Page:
Through the Looking Glass: Writers’ Memoirs at the Turn of the 21st Century provides a detailed and comprehensive study of writer’s memoir and an exploration of the genre’s poetics. It presents the critical history of memoir and develops its own definition of the genre by focusing on such marqueurs as phantasmatism of the pact between writer and reader, (auto)biographism of the space inhabited by the text, syllepsism of the subject, de-totalisation in terms of scope and thematic content, as well as generic khôracity. The study also proposes an original typology of fifteen micro-genres of memoir (i.e. souvenirs d’enfance, souvenirs d’adolescence, falling away memoir, memoirs/scenes from life, patriography, matriography, parental memoir, autrememoir, pet memoir, [auto]pathography, [auto]thanatography, travelogue, periegetic memoir, ekphrastic memoir, and bibliomemoir). Out of over forty memoirs addressed by this study, five writers’ memoirs (by Andrew Motion, Rachel Cusk, Hilary Mantel, Julian Barnes, and J.M. Coetzee, respectively) are addressed in greater detail and thus acknowledged as the genre’s prime specimens.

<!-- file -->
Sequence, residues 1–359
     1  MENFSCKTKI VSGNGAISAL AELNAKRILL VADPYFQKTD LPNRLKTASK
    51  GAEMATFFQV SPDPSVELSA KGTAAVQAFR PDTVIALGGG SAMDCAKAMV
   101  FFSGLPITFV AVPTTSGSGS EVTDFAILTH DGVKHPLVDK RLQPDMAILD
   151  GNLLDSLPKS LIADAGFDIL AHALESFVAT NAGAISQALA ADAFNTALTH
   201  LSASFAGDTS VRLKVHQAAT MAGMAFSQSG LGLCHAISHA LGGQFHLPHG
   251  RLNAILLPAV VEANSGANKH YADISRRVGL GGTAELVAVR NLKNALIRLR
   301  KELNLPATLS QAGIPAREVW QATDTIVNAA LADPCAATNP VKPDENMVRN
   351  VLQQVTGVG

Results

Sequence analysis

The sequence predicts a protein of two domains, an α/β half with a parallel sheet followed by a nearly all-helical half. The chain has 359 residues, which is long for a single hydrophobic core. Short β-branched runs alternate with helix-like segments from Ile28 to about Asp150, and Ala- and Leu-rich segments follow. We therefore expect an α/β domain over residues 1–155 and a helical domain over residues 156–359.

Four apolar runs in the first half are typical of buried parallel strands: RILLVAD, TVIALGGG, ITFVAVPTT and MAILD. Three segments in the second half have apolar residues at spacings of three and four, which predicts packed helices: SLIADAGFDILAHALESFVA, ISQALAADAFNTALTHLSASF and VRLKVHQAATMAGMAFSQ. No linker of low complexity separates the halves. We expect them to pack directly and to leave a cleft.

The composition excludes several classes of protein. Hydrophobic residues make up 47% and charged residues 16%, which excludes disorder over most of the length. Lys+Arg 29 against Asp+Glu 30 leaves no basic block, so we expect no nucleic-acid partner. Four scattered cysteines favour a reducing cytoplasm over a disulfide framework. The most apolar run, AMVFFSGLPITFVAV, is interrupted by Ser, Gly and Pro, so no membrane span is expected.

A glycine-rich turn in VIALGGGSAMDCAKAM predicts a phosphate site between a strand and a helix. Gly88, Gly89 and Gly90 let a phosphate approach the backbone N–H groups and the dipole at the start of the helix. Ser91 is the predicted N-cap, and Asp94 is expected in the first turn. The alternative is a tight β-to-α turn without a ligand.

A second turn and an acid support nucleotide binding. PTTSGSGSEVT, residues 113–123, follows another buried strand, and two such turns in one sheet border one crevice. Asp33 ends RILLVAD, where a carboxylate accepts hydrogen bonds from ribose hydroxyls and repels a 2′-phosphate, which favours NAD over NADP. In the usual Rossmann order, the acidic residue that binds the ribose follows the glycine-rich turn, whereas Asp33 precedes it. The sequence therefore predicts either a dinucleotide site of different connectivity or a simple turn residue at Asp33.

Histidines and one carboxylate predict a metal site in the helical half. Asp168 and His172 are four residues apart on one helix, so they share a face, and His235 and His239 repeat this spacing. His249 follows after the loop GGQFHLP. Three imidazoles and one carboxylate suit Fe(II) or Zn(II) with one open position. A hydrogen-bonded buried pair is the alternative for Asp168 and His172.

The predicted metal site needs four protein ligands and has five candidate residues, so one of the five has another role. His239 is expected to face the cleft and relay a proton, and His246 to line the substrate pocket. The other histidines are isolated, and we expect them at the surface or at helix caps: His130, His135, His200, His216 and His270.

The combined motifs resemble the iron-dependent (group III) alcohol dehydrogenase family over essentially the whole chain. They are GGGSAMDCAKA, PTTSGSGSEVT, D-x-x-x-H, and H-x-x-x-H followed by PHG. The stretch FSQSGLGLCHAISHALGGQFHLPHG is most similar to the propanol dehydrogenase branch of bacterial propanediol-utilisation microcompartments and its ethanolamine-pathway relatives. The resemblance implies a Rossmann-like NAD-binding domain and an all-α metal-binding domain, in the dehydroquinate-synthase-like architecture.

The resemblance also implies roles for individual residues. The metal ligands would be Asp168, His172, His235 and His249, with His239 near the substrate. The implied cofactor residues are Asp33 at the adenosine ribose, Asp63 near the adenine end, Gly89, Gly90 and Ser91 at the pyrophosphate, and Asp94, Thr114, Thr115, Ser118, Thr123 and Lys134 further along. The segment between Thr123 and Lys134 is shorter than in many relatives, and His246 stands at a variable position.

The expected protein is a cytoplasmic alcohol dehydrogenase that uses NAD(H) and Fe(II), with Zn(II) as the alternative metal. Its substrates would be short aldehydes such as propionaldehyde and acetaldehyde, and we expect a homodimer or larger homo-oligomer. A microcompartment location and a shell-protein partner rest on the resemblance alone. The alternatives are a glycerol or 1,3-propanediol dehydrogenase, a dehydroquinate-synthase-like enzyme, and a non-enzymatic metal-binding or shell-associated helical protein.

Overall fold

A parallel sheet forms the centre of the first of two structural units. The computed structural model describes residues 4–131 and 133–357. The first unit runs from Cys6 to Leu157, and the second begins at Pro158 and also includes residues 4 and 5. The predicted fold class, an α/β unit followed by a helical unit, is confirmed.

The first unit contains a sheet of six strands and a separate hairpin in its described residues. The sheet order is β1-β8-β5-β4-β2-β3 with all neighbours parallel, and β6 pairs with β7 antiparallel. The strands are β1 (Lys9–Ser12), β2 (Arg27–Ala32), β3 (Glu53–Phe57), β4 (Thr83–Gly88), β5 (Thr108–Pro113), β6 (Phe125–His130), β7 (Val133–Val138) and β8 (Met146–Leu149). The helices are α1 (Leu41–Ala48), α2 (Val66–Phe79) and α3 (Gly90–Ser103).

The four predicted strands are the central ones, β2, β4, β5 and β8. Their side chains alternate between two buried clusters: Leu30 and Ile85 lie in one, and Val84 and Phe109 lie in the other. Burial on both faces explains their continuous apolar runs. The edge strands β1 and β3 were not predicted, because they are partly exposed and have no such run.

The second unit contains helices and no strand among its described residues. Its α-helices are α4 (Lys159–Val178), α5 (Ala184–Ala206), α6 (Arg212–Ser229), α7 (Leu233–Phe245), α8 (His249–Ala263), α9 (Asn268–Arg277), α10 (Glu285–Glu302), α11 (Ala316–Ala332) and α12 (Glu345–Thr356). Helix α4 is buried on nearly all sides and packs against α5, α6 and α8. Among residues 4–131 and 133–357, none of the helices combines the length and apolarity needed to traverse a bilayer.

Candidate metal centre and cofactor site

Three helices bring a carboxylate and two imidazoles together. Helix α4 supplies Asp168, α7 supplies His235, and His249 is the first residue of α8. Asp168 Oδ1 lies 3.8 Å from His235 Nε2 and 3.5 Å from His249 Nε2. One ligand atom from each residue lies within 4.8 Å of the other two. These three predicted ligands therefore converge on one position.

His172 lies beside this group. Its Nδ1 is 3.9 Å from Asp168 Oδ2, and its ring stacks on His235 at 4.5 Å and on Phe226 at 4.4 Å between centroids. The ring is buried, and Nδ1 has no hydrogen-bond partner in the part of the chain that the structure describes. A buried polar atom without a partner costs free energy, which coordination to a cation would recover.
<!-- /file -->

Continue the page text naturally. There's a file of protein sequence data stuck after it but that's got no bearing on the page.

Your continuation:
Robert Kusek is an Assistant Professor at the Department of Comparative Studies in Literature and Culture at the Institute of English Studies, Jagiellonian University in Kraków. His research interests include life writing genres, the contemporary novel in English, poetics of memory and loss, as well as a comparative approach to literary studies. He is the author of two monographs and several dozen articles published in books, academic journals, and magazines, as well as co-editor of ten volumes of articles, including Travelling Texts: J.M. Coetzee and Other Writers (2014). He also works at the Research Institute of European Heritage at the International Cultural Centre in Kraków.